Publication Name: Frontiers in Astronomy; Authors names as they are listed in article: Anna Malanushenko, Natasha Flyer, Sarah Gibson

In this paper, regression-based deep convolutional neural networks (CNN), with 12 layers, are developed for predicting the maximal amplitude of the southward component of the near-Earth magnetic field from a passing interplanetary coronal mass ejection (ICME). The input to the CNN is the Gibson and Low (GLOW) flux rope model (Gibson and Low, 1998) that describes the coronal properties of a CME, where its morphology and position is controlled by 5 varying parameters, i.e. input sampling occurs over a 5D parameter space. The ultimate goal is to determine the extent to which coronal spectropolarimetric observations at the Sun encode sufficient information to predict southward magnetic field component at the Earth.

Examples of various initial GLOW configurations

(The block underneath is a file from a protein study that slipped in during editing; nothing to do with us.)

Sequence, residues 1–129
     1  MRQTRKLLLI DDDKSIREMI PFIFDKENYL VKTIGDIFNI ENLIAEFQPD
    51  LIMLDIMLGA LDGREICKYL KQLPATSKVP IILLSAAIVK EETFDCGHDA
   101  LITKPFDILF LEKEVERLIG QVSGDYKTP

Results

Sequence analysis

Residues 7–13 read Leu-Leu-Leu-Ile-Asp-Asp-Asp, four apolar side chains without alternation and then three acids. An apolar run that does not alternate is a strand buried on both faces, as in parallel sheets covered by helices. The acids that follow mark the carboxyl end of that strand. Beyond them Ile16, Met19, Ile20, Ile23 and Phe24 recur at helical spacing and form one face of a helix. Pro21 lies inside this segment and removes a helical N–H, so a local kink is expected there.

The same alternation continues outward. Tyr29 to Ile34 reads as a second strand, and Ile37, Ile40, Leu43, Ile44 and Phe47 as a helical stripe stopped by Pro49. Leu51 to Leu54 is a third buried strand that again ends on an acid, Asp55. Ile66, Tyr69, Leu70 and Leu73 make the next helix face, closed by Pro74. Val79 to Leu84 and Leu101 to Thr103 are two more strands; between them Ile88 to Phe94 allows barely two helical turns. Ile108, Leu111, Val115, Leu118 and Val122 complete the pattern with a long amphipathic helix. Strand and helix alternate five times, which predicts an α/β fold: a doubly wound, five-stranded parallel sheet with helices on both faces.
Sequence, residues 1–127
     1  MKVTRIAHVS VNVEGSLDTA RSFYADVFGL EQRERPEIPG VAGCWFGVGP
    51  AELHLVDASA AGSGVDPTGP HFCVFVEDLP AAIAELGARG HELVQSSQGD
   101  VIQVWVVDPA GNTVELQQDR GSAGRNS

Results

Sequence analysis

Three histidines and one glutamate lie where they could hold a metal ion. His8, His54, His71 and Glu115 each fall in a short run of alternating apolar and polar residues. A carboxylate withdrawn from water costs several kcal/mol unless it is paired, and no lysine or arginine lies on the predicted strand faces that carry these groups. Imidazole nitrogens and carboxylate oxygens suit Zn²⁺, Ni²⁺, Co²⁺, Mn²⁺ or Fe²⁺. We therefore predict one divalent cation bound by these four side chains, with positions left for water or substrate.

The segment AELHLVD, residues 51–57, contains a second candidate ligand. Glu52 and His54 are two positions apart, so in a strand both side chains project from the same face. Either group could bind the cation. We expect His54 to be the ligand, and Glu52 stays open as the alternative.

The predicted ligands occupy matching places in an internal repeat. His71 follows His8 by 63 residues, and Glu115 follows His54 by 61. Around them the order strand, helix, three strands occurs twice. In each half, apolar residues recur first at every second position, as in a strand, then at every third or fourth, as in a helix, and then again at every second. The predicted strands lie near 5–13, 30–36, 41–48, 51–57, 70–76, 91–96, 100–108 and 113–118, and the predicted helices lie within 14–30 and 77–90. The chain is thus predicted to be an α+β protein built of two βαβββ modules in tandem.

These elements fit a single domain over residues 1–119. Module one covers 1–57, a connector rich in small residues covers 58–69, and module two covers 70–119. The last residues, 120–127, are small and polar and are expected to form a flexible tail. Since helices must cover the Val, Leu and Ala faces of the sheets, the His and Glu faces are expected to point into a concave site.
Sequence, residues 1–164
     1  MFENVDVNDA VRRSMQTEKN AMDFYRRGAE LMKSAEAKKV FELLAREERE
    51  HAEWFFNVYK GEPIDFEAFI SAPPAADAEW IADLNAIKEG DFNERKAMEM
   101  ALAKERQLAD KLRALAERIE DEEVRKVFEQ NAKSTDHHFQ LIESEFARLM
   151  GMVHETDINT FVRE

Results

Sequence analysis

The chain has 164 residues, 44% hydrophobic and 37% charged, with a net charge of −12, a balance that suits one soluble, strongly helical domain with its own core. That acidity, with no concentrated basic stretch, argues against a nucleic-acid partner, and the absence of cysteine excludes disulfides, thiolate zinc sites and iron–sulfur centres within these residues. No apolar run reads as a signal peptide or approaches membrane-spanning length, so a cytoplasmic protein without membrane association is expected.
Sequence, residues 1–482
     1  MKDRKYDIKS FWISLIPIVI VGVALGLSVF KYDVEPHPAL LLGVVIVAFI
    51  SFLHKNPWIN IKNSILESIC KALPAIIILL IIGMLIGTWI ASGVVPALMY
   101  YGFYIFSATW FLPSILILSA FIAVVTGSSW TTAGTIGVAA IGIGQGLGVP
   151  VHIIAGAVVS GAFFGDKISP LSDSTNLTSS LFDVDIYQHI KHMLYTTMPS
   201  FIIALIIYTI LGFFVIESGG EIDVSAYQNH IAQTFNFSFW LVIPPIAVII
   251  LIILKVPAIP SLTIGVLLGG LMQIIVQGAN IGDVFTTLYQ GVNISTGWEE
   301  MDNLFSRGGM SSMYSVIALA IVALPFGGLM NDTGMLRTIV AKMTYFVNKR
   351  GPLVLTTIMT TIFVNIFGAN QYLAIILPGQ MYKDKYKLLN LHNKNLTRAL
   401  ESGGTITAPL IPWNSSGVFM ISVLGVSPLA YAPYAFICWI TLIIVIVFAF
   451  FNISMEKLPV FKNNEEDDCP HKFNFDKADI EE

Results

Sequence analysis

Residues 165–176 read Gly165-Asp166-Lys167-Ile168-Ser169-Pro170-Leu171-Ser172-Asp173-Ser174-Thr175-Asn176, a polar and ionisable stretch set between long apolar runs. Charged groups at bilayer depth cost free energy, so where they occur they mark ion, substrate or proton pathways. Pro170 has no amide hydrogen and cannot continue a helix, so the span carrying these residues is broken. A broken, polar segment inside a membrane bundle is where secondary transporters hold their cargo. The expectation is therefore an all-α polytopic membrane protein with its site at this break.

Examples of various initial GLOW configurations. Blue and green lines are magnetic field lines sampling the magnetic structure of the GLOW spheromak, shown here with different combinations of parameters for angular size, topology, orientation. Solar surface is shown in thin black lines for reference.

The GLOW model is used as a first simple test of a self-similarly expanding magnetic flux rope which nevertheless allows consideration of the impact of varying CME location, orientation, size, and morphology. The CNN problem is set up in two experiments: 1) given input data near the Sun, three 2D images in the meridional plane of the components of the magnetic field, predict the maximal southward amplitude of the measured magnetic field at the Earth; 2) given line-of-sight integrated images of the Stokes parameters, corresponding to the physical configurations of the over 30K flux ropes from Part 1, predict the maximal southward amplitude of the measured magnetic field at the Earth.